Seraphim Pallas, the parent of two children in Northville Public Schools, made the tough decision to pull his daughters from the district this week, in favor of a charter school in Farmington Hills.
The reason? The charter school offers a class size of nine, whereas his daughters' classes average 29 students, he said. It's a problem that Northville's school board will continue to grapple with and an issue that school board candidates were pressed on at a Legislative Action Network-hosted forum Monday night. About 50 people were in attendance.
"They have their hands tied to some extent," Pallas said of the board.
Still, he said, he hopes whoever is elected to the board in November will make changes.
"This is supposed to be one of the best districts," he said.
The candidates – Michael Barrett, Roland Hwang, Cynthia Jankowski, Adam Phelps and Matthew Wilk – were asked about how they'd try to reduce class sizes, prioritize items in the school budget and more. Some parents pressed the candidates about salaries and, at times, the conversation became contentious as audience members interrupted organizers to ask questions or express disagreement.
The candidates on setting budget priorities
The candidates also agreed that though school budgets are dictacted by per pupil funding in the state school aid fund.
Barrett said that reducing class sizes while getting quality teachers in the classroom should be a priority. "If you want very good people, you have to hire very good people," he said, adding that the pay for many district employees is not on par with what some other districts pay. "You're getting more (for) your money here," he said.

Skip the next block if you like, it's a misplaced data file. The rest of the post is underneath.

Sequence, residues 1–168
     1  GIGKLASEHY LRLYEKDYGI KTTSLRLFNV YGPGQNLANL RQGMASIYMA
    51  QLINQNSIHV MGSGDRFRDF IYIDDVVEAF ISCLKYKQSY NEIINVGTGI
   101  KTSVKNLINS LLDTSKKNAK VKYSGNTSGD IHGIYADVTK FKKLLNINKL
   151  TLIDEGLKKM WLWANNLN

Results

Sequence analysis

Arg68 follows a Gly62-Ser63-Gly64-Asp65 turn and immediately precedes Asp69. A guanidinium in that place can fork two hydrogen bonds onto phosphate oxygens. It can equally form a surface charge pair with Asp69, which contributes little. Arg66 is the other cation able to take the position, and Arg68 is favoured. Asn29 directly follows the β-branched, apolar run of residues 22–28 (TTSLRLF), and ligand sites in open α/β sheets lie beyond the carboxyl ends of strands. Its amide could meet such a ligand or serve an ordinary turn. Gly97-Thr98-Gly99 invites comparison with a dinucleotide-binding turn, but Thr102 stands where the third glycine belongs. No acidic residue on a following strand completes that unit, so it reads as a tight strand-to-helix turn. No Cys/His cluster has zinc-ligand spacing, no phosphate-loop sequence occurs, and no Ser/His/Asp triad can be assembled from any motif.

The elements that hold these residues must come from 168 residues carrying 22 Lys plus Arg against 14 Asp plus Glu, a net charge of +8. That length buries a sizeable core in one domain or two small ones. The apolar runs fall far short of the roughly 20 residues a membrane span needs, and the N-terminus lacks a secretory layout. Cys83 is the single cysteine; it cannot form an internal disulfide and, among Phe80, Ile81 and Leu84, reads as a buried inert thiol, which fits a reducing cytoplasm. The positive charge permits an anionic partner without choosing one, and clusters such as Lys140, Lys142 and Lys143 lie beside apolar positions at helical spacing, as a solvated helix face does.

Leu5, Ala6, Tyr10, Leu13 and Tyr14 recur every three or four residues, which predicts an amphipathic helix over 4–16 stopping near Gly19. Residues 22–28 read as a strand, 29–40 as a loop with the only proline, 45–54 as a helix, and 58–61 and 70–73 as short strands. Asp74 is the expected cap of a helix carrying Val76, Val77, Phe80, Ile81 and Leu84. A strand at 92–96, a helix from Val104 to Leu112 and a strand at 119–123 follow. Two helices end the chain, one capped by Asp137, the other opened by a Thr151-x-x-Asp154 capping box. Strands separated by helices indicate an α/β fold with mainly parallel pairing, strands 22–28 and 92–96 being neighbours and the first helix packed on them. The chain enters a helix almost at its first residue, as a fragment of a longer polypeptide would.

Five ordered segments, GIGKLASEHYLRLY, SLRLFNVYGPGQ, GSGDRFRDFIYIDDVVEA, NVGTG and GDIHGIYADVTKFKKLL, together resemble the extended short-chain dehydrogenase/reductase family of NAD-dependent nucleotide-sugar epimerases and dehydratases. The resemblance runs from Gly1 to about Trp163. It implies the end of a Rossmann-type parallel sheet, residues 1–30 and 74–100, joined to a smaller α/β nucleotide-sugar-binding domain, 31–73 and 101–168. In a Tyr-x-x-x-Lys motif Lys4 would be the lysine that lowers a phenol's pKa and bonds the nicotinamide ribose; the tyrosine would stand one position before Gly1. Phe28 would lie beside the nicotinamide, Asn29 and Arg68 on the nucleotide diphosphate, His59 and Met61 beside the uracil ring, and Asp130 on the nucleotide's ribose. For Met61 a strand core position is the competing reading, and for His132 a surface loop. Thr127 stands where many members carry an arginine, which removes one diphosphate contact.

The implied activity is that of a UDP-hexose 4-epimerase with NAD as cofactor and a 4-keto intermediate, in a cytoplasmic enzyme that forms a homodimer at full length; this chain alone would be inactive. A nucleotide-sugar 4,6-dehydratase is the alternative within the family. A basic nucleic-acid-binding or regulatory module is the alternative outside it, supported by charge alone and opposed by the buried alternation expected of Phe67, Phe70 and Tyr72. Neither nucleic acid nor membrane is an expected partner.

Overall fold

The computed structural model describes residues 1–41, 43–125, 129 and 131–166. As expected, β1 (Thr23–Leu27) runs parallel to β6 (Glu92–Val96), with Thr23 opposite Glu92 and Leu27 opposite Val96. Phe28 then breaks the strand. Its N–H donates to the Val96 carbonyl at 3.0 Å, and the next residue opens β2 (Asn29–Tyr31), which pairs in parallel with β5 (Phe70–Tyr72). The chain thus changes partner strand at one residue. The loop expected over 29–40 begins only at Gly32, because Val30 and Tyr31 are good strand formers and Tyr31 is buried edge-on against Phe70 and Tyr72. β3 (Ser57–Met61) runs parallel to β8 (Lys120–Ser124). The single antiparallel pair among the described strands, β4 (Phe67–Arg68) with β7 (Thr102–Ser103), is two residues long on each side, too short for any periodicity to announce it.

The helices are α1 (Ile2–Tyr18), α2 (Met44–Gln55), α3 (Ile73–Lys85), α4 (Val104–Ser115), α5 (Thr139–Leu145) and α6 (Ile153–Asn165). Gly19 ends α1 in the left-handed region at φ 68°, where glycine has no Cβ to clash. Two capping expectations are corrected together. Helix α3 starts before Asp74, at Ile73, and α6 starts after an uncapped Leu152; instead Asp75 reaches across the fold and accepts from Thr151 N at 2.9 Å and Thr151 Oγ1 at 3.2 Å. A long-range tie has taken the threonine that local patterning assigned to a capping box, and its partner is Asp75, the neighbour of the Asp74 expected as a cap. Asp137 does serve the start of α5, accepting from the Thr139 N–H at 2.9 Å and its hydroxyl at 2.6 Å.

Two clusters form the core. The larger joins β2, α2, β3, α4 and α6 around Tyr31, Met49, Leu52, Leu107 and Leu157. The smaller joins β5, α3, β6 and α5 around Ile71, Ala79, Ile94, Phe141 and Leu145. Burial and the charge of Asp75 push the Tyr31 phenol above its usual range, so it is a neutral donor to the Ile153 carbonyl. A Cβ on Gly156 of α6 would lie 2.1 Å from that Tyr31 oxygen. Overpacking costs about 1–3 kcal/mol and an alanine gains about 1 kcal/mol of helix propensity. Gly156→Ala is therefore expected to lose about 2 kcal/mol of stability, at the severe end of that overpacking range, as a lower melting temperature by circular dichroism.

Hwang told the board that he sees opportunity for supplementing school aid monies with grants. He said that, if elected, he would prioritize reducing class sizes and expanding world languages to make students globally competitive. He added that before cuts were made to any part of the budget, there would have to be analysis of the impact. With regard to teacher salaries, Hwang said the district needs to offer competitive pay to attract quality teachers.
Jankowski – an appointee who seeks to be elected to the board – said the majority of the district's budget goes to pay for salaries, benefits and retirement costs. Reform is needed in how much the district pays into retirement, she said. She added that teachers are the district's biggest asset and that they work very hard to educate Northville's children.
Phelps praised the current board for being "lean" in their budgets, but said that the district needs to explore outside funding opportunities. With his business background as a Ford employee, he said, he makes big budget decisions on a regular basis. Phelps also told the crowd that the board should take feedback from residents before making big-impact budget decisions.
Wilk – who also is an appointee serving on the school board and seeks to be elected – said that reducing class sizes is his priority, and cuts to other areas should support that. He said that salaries should be evaluated, among other areas of the budget, but that in making cuts, the board "can't please everyone."
LAN president Christa DiNapoli said that overall she was pleased with the forum.
Attendees submitted more than 20 questions to LAN organizers, she said. For parents who are interested in getting more involved, she said that LAN, which is non-partisan and works to influence education policy in Lansing, was a great way to start. For more information on LAN contact DiNapoli at firstname.lastname@example.org.
For more information on the candidates, in their own words, check out our candidate profiles.